We start walking through a valley following a small river along divers terraces and irrigation channels. Like in a journey of time, we are brought back to the archaic world of the Berber. In the villages we pass, most of the people, and mainly the children, are very shy. From the moment someone brings his camera to the surface they run away and hide. One of my two cameras get jammed so I must chose if I want to shoot black and white or colour photographs. Step by step we start to rise. From this moment on, we have to live in a world of stone for almost two whole weeks. Rocks, stones, pebblestone, sand... and furthermore - almost nothing. And by the remorseless sun, even the stones get thirsty. Only the green islands that form oasis, don't fit in this picture. They look like swimming in this petrified ocean, of which the waves have come to standstill far above the little villages, ready to devour everything that lives here.
Brave, but nevertheless breakable, the mud brick Berber castles lie in the middle of these fertile oasis. Masterpieces in a landscape, perfect in harmony with their environment. From afar they look like strong and impregnable fortresses. But if you come closer, the ingenious structures appear elegant and fragile. Those who want to live in the middle of this stone world have to be strong and stand rough handling. The Berber people hang onto this and live here for many generations. They defy storms that lash the mountains. They defy the dryness when it doesn't rain for months. They defy the floods when the heavens open up. And they also defy the Arabic conquerors who drove them away from the fertile settlements and put them to flight into the mountains and the desert. Here they live, this is their home, in a landscape, how life-threatening it seems, still so infinite fascinating.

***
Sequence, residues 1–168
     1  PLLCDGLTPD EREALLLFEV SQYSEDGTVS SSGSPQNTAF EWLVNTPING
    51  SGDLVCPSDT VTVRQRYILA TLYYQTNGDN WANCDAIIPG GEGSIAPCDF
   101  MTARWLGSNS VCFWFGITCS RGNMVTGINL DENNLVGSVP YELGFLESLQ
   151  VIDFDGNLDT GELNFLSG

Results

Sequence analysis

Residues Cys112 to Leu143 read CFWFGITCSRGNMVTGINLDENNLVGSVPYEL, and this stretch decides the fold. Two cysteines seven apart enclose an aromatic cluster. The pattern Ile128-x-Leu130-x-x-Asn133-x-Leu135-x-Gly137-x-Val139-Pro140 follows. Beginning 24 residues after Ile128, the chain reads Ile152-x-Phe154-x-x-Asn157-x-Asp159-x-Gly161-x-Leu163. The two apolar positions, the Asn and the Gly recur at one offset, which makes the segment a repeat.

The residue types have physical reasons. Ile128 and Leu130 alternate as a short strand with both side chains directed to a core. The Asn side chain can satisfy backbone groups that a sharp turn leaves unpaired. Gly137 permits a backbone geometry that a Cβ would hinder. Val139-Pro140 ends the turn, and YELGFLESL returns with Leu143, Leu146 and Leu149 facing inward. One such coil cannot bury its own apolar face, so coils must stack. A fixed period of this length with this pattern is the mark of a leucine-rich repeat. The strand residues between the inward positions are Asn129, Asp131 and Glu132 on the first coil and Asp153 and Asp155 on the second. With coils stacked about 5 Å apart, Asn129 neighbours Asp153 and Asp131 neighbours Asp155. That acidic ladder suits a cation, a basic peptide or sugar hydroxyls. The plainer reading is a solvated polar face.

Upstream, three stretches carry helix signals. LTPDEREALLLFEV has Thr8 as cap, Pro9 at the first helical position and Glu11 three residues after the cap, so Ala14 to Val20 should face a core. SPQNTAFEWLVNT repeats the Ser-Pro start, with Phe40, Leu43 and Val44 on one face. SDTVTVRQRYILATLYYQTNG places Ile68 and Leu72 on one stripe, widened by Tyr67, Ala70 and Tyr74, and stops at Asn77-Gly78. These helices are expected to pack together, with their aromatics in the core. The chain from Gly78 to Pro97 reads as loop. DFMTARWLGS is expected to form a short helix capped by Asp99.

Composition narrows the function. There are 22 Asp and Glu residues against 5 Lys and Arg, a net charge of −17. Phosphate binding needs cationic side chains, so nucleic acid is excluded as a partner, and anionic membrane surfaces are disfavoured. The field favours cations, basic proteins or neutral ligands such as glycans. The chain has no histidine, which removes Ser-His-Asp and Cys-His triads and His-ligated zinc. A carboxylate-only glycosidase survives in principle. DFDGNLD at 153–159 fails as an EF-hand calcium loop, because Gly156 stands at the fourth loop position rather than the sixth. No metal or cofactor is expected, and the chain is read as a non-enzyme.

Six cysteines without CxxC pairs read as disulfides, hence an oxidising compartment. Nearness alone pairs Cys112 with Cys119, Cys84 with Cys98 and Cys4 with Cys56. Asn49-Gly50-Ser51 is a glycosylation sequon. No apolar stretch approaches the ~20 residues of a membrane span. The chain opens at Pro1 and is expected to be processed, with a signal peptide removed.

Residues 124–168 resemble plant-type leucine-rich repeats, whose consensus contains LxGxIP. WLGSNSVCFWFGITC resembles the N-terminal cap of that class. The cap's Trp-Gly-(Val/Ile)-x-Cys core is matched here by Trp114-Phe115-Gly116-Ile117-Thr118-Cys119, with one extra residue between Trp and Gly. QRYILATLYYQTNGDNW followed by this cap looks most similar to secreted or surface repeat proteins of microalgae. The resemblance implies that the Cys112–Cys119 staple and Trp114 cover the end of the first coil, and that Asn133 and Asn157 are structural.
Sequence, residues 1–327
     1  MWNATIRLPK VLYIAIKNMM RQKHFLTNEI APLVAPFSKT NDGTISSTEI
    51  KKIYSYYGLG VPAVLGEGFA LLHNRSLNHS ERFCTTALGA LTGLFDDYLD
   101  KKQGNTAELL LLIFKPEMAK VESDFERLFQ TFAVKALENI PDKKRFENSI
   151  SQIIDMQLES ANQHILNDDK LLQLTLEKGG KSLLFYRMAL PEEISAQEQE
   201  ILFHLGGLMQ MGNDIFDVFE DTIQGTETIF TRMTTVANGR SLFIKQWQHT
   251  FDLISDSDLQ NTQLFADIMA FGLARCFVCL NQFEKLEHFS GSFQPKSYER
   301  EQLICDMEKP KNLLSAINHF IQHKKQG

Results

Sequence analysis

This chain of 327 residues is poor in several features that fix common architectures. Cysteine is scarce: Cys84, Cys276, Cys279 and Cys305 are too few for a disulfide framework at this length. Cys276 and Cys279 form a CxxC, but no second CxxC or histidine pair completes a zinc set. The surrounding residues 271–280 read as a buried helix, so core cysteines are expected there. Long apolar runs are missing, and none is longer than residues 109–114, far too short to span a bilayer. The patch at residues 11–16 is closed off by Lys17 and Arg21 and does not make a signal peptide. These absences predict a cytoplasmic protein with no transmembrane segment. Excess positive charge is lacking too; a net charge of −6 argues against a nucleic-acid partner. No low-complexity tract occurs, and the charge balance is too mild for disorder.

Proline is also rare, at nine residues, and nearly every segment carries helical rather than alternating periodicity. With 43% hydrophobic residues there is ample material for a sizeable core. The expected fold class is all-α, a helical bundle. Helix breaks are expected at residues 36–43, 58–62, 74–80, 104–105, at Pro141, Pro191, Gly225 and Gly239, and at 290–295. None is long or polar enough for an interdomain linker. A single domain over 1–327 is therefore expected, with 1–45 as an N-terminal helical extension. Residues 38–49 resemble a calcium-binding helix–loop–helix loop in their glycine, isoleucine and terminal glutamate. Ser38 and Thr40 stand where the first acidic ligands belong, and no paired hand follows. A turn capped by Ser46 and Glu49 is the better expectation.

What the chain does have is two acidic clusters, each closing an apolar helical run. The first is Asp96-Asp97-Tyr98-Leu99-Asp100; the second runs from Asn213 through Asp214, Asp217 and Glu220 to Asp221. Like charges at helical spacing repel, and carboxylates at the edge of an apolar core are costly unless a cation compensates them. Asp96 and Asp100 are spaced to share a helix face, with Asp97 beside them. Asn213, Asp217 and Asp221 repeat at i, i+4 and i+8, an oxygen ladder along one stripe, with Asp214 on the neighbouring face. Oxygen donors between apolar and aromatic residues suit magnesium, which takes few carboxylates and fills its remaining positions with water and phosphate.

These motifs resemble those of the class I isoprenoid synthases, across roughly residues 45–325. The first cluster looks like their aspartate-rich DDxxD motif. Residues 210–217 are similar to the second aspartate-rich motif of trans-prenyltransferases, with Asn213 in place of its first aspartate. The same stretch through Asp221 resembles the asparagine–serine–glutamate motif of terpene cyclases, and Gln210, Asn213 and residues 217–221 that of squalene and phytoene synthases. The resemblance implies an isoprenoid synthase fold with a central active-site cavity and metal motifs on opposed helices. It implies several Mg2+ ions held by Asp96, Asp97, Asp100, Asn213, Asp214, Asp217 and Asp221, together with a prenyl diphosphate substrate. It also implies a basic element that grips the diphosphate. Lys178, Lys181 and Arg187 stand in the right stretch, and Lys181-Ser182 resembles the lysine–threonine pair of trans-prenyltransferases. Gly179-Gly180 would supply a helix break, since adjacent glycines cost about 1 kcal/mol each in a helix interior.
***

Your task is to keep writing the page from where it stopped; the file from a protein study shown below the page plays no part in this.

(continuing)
Not far away from Tichki (2344m) we reach a green plain between the mountains where we pitch our tents. This will be our first bivouac. It seems that the boys from the village come here to play soccer. Not that I'm such an enthusiastic football fan but I couldn't resist to play a match with them. And that of course isn't such a good idea as I soon sprain my ankle because the plain isn't so even as I possibly though. At the moment I don't feel bad. Before going to sleep, I bath my foot in the ice-cold water of a small river nearby. Unfortunately, the painful ankle disturbs my first night in the tent.